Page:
Adding text and images
Video: Adding text and imagesRegardless of whether you start out using one of Dreamweaver's starter pages or whether you are building your own design from scratch, you will need eventually to get your images and your text on the page. When adding text to your pages, you can type directly into Dreamweaver if you would like, but chances are the bulk of your copy is going to be written in another program, like Word. To help to speed the process of getting text in your pages, Dreamweaver supports multiple workflows. You can copy and paste text, open text files, or on the PC, you can import Word and Excel documents directly into Dreamweaver.
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James Williamson provides a practical introduction to Adobe's do-it-all web design and development tool in Dreamweaver CS4 Getting Started. He shows how to generate standards-compliant XHTML and CSS, as well as rock-solid PHP, ColdFusion, ASP, AJAX, and more, using Dreamweaver's developer-friendly Code view and WYSIWYG Design view. From creating basic page layouts to embedding multimedia, James shares techniques for publishing a finished site quickly and efficiently. Example files accompany the course.
- Defining and structuring new sites
- Adding and styling text, images, video, Flash, and more
- Previewing work in progress using multiple browsers
- Integrating assets from other CS4 applications
- Uploading and managing finished sites
Adding text and images
Regardless of whether you start out using one of Dreamweaver's starter pages or whether you are building your own design from scratch, you will need eventually to get your images and your text on the page. When adding text to your pages, you can type directly into Dreamweaver if you would like, but chances are the bulk of your copy is going to be written in another program, like Word. To help to speed the process of getting text in your pages, Dreamweaver supports multiple workflows. You can copy and paste text, open text files, or on the PC, you can import Word and Excel documents directly into Dreamweaver.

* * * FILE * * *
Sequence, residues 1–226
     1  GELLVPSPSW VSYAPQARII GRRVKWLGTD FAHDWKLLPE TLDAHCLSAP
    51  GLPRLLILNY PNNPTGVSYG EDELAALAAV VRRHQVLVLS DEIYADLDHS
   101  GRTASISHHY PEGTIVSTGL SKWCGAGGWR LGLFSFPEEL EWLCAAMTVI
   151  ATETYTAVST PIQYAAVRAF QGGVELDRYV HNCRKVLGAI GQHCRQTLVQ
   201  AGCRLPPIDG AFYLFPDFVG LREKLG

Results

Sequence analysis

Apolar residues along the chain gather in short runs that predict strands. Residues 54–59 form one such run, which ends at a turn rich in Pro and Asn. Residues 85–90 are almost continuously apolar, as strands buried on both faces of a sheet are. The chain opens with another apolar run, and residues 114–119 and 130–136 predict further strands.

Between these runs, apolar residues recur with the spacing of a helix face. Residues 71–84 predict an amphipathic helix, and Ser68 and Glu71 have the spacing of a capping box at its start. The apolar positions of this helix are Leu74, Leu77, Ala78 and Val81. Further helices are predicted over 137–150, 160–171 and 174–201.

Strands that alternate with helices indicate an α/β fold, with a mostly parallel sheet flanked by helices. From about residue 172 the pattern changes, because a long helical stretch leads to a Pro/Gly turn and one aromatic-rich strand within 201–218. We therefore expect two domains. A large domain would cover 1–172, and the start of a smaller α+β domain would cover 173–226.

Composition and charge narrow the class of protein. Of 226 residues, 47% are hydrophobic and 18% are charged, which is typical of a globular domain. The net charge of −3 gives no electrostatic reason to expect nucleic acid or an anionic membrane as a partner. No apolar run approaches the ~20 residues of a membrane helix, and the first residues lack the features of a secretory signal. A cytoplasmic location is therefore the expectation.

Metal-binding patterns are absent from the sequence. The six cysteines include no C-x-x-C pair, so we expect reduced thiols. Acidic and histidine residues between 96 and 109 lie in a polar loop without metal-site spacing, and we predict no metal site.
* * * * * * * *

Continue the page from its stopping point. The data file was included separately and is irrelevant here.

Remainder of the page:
If you choose to import Word documents, you can keep the basic formatting structure or you can discard it and just import the text. So we are going to import some text on our page, and we will use that workflow of importing Word documents directly. Now, if you are on a Mac, unfortunately the Mac version of Dreamweaver doesn't support that workflow, so you would need to open up the Word document separately, copy and paste the text. You could also save the Word document as a text file; you could open the text file in Dreamweaver and then copy and paste the text directly inside Dreamweaver as well. So I have got some body copy here. I am going to highlight this body copy and delete it; sort of get it out of the way and create a blank space for this.
Looking over at my Files panel, I am going to open up the Source folder, and inside that, you see I have a Word document there that says intro_text.doc. Now there are a couple of different ways to get this on the page. One way would be to go to File > Import, and I can import the Word and Excel documents directly in that way. An easier way I think is to just grab the file and simply drag and drop it. So I am just going to grab it and drag it into the position that I want the text to appear. Now, when I do that, I see the Insert Document dialog box appear. Now, for those of you that are on the Mac, you can drag and drop a Word document onto the page,. What happens however is that you don't get this dialog box that comes up, and it automatically creates a link to the document.